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Swingin' Utters
We're excited to premiere "Stuck in a Circle," a new song off Poorly Formed, the forthcoming album from S.F. punks Swingin' Utters, out Feb. 19 on Fat Wreck Chords. Written by vocalist/guitarist Darius Koski, "Stuck in a Circle" is a wistful, reflective tune that leaps from acoustic choruses into bristling, racing verses. Its mood is a striking contrast with "The Librarians Are Hiding Something," the soaring first single off Poorly Formed, which was co-written by the vocalists and guitarists Johnny Bonnel and Jack Dalrymple. We recently got in touch with Bonnel and Koski to talk about the new album and the run of Northern California shows Swingin' Utters will be playing in celebration of the new record, which includes a stop at Slim's on Feb. 24. Check out our conversation -- and hear "Stuck in a Circle" -- right here:


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Premiere: Hear Nicki Bluhm and the Gramblers' New Song, "Ravenous"

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After a breakout year in which Nicki Bluhm and the Gramblers got lots of attention online, played a monthlong residency at the Rickshaw Stop, and toured seemingly nonstop, the S.F. folk-rock singer and her band are back with a new single, "Little Too Late." We're thrilled to premiere "Ravenous," the second song of the new release, right here on All Shook Down. Built on a pulsing bassline and an eerie, repeating organ riff, "Ravenous" showcases the warm power of Bluhm's voice, sounding like some long-lost Fleetwood Mac hit. The digital single sees official release tomorrow, Jan. 15. Check it out here:


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Hear This: Maus Haus' Slow-Rumbling "Hey Jean"

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Dark-hued S.F. electro-rockers Maus Haus are back with Light Noise, a brand-new record on brand-new local indie-electronic imprint Lavis Habits. And today we're premiering the song "Hey Jean," a slow-boil of monolithic bass, streaking guitar lines, and Maus Haus' eerie multitracked vocals. Oh, and tambourine. Tambourine is key.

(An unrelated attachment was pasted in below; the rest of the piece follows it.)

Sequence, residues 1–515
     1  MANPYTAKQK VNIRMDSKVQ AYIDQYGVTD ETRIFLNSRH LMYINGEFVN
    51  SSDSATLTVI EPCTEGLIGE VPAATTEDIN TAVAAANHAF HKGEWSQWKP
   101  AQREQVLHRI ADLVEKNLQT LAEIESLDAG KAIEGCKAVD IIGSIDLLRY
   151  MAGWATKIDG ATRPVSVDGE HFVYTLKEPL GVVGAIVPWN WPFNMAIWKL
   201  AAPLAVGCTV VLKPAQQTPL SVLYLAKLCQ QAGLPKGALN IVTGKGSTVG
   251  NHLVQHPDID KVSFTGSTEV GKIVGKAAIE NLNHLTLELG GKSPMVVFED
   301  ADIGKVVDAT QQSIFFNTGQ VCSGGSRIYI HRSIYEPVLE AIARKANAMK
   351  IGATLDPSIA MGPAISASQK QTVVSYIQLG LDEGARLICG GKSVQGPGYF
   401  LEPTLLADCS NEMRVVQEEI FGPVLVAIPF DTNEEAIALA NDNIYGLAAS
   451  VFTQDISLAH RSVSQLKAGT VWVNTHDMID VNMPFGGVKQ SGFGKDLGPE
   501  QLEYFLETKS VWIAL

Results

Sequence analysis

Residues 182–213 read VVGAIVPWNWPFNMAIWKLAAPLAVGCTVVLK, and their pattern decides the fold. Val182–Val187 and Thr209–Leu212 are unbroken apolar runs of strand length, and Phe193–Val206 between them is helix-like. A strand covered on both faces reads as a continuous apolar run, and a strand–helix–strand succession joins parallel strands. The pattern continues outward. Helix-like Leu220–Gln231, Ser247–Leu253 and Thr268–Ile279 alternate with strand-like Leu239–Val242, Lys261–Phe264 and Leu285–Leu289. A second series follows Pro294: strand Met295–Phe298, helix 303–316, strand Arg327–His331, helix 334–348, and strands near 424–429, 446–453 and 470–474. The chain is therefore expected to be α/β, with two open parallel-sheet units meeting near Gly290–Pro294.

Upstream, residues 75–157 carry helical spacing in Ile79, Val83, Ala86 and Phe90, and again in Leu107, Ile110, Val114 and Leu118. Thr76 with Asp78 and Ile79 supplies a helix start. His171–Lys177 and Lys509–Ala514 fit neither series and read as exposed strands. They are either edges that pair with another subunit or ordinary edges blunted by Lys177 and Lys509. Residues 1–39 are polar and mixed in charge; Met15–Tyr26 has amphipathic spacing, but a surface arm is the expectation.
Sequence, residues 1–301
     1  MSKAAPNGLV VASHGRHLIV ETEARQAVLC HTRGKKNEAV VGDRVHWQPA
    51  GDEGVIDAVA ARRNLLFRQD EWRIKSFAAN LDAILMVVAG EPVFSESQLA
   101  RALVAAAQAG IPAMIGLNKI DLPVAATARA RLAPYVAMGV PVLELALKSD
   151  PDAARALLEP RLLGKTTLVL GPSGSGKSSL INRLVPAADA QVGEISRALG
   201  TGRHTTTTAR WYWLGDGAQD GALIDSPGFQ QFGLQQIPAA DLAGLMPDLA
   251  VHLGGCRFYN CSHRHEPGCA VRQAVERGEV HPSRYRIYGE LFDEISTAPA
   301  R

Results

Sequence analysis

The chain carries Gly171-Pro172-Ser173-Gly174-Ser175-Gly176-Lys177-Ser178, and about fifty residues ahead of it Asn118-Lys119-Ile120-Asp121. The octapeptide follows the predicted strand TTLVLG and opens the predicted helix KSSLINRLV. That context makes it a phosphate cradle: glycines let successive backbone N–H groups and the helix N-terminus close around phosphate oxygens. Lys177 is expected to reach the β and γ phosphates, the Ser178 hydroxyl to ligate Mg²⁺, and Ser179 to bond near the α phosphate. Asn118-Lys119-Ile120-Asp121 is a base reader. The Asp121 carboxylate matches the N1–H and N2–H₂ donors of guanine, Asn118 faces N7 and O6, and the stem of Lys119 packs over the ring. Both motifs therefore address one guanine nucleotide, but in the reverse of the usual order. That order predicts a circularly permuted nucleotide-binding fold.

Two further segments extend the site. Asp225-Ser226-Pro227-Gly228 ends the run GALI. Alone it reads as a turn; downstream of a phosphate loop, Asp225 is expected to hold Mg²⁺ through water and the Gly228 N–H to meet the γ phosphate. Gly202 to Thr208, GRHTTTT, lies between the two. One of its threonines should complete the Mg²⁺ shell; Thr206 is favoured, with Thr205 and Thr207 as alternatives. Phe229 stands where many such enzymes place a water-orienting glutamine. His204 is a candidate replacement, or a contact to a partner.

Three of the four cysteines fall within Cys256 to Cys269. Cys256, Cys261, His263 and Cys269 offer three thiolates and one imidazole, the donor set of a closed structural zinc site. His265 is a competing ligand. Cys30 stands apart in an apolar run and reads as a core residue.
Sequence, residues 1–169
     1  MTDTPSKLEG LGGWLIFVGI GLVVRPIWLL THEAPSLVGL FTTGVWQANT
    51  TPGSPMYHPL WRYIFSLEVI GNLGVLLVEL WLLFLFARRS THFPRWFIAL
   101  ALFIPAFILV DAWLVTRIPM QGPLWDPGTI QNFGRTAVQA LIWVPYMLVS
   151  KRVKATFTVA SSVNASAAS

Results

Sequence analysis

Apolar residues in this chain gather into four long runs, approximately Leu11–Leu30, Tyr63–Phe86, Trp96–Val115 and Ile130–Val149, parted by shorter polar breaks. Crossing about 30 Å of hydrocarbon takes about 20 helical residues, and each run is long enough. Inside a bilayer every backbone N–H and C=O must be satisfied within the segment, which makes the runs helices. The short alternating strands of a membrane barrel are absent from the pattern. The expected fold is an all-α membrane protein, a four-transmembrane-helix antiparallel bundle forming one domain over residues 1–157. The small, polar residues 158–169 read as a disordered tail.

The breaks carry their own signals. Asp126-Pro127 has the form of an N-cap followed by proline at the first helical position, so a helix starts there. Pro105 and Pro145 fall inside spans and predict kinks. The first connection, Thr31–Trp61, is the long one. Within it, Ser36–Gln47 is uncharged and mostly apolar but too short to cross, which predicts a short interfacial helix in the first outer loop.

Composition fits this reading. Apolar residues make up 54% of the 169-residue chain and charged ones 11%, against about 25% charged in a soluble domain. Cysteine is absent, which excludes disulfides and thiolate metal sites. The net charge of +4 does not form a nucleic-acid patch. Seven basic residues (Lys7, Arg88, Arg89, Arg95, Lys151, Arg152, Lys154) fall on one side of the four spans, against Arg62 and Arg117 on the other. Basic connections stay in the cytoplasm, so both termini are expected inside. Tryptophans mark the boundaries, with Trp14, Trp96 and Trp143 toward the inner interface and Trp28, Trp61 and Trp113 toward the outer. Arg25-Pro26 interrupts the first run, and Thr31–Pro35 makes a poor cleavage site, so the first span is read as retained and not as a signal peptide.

See also:
* Om Records Celebrates New Lavish Habits Imprint with Maus Haus and Blackbird Blackbird


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Maus Haus

Premiere: Shady Blaze and Young Gully's Breezy, SMKA-Produced "Greatness"

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Dropping in October, new mixtape Darkest Before Dawn will see a fresh line-up of Bay Area rappers hopping on tracks crafted by Atlanta production unit S.M.K.A. As a teaser for the project, which will include input from Roach Gigz, Mistah F.A.B., and DaVinci, All Shook Down is proud to present the premiere of "Greatness," a slick and slinky future anthem that features Shady Blaze and Young Gully flowing over a hypnotically breezy production. To complete the listening experience, we also checked in with Shady Blaze and S.M.K.A.'s Mike Walbert to get their own thoughts on the song.

How did the Darkest Before Dawn project come about?
Mike Walbert: We reached out to a popular blog in the Bay Area [Thizzler On The Roof] that covers the music and asked about sorting out this project. We're from Atlanta but we've always been fans of Bay Area music.
Shady Blaze: Matt Werner [from the blog] hit me on Twitter saying he wanted me and Young Gully to collab. That's it right there.


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Premiere: Hip-Hop Crew 40Love Share "Tiki Tiki," Talk Working With Zion I's Zumbi and Their Crazy Animal Masks

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40Love lookin'... wild.
The hip-hop troupe 40Love is currently in possession of the most famous animal masks in modern Bay Area music history. Having made their debut in the video for Wallpaper's "#Stupidfacedd," the plastic faces are now being sported by three-quarters of the group in promotional pictures for upcoming album Dreams Don't Sleep. It's a project which Miss Haze, the non-masked member of the group, promises will be hooked around the relationship between dreams, reality, and the power of "raw spiritual energy."

Ahead of Dreams Don't Stop's July 24 release, All Shook Down got its hands on an exclusive premiere of the new 40Love song "Tiki Tiki." A ferocious, electronic-tinged blast of Bay Area hip-hop funk, it also happens to feature a cameo from Zion I's MC Zumbi. It also seemed like a great excuse to check in with Miss Haze, G-OFF, and producer Mikos (sadly DJ Whooligan was AWOL when we tried to reach him) for a chat about ancient Chinese tales, getting remixed by Bassnectar, and the raw and undiluted power of animal masks.

What's the meaning behind the song title "Tiki Tiki"?
Miss Haze: It's a children's story set in ancient China about a kid who has too long of a name. The whole album is really a mission statement for the power of harnessing visions to transform reality. It's just a raw energy track.